Monday, March 20, 2006

robin and marian (1976)

Robin and Marian is in this reviewer’s opinion the finest Robin Hood film of all. Gritty in its realism, bitter sweet in its sadness, amusing in its humour, Robin and Marian contains several career best performances from a predominantly British cast, and is with ease the best film Richard Lester ever directed. The film opens with the aftermath of the Crusades. Robin and Little John are still alongside King Richard (Richard Harris), but sickened and disillusioned at the actions of a King who has become an insane, murderous tyrant. When they return to Sherwood Forest they find their old hiding places overgrown and neglected. Only Will Scarlet and Friar Tuck remain, although Maid Marian having become a nun is not far away. Robin is amused and flattered to find there are tales and ballads about his exploits, but the dawning realisation that he is no longer a young man haunts him, and thus the tone of the film is set: Robin Hood, an outlaw out of time, seeking one last blaze of glory.
Sean Connery as Robin Hood and Audrey Hepburn as Maid Marian have seldom been better cast as the two lovers of legend, their performances filled with pathos and humour. Nicol Williamson lacks the physical stature one normally associates with Little John, but is outstanding in the role of the loyal friend who will pass Robin his final arrow. Both Ronnie Barker as Friar Tuck and Denholm Elliott as Will Scarlett are excellent in their roles, avoiding the caricatures of previous Hollywood versions, whilst Richard Harris' portrayal of King Richard as a mad Crusading tyrant was a "first" in the genre.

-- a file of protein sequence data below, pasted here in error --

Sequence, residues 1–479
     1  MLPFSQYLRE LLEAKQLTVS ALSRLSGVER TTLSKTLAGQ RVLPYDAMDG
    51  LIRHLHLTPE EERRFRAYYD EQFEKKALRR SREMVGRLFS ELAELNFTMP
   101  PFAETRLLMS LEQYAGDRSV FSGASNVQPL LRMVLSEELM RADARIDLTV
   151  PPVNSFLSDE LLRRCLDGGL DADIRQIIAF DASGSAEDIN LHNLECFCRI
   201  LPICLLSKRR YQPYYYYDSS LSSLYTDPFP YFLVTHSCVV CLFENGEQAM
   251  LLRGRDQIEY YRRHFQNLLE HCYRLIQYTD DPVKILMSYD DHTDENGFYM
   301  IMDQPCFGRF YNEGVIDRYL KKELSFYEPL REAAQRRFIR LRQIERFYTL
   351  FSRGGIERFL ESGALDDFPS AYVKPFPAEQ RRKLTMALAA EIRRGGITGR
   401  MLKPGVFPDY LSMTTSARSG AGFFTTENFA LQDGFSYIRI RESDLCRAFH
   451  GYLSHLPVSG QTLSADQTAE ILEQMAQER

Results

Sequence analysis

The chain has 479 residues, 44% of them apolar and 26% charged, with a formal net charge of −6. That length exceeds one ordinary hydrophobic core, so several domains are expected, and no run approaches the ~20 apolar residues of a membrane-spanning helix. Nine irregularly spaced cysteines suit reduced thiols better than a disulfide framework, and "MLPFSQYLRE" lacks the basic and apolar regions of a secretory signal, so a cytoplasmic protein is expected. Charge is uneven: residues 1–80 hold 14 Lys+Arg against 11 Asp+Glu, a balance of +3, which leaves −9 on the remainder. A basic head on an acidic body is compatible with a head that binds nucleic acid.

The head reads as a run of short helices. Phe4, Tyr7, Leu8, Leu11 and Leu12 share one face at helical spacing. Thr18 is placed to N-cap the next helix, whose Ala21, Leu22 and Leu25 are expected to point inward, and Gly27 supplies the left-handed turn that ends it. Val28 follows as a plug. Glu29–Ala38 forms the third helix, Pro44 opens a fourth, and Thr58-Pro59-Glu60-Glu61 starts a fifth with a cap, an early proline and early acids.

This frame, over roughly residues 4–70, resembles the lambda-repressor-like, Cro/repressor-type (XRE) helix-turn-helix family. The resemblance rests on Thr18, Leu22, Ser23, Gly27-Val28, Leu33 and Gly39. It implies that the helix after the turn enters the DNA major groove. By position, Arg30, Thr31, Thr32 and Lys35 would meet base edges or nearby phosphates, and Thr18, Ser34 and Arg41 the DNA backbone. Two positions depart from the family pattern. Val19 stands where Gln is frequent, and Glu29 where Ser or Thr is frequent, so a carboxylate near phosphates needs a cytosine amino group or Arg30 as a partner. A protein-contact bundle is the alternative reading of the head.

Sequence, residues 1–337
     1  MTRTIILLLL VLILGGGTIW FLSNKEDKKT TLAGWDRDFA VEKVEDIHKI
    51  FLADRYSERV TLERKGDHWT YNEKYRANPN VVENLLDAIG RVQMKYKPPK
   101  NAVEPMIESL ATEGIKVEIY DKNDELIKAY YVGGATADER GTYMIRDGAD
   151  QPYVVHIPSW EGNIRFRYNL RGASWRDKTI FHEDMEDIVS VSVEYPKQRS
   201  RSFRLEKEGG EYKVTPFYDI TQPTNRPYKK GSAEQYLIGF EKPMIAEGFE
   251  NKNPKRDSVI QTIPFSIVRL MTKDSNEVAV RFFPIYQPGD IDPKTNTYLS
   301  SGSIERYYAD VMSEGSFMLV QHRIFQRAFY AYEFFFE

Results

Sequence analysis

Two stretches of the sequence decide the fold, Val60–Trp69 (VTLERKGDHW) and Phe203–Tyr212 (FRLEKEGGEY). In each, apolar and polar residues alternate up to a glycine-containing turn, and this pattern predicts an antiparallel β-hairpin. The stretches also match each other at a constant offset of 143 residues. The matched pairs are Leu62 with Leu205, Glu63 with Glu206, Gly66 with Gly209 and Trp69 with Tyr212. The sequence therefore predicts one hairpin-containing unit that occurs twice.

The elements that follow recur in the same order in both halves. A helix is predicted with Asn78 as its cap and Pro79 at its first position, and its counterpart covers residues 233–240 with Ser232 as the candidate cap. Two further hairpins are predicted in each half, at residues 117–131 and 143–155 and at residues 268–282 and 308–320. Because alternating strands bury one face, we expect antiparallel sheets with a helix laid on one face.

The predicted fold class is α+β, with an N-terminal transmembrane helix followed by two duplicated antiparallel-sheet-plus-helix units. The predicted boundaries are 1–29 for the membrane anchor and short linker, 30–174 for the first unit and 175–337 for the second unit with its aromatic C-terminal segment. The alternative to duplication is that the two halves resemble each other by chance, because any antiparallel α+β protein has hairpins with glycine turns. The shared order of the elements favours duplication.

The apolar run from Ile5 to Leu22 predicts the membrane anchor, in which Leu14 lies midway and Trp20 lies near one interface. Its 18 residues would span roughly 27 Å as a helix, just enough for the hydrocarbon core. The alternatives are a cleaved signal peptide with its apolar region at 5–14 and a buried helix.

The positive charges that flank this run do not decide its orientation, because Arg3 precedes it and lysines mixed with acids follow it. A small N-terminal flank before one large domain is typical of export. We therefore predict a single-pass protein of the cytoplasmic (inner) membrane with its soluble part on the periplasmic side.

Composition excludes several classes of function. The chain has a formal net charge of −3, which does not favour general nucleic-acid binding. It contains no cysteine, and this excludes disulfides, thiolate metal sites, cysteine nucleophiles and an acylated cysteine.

Another key factor in the films success is the absence of Guy of Gisburne and the reinstatement of the Sheriff of Nottingham as Robin Hood's true arch enemy. In this role Robert Shaw is the perfect counterpoint to Connery. This Sheriff is a warrior, a man who will not tolerate the interference of King John's Knights in the affairs his Nottingham, and clearly someone who also misses the battles of old. Indeed it is apparent when Robin and the Sheriff meet that they both relish the thought of the fight which must surely follow. One can see that, if not for the respect the Sheriff secretly holds for Robin, the outcome of that fight may have been totally different.
But this is not a children's film. Rated PG, it does not contain all those hearty tales of the golden arrow, the riverside encounters with Little John and Friar Tuck, the ballads 'round the camp fire. The only part of the familiar legend present here is Robin's final arrow, and his request to be buried where it falls. Highly recommended for those Robin Hood fans who wish to see the legend given a darker, more gritty treatment. (See comments box for more cast details).

Robin Hood website for film reviews
Robin Hood website for Robin Hood pictures

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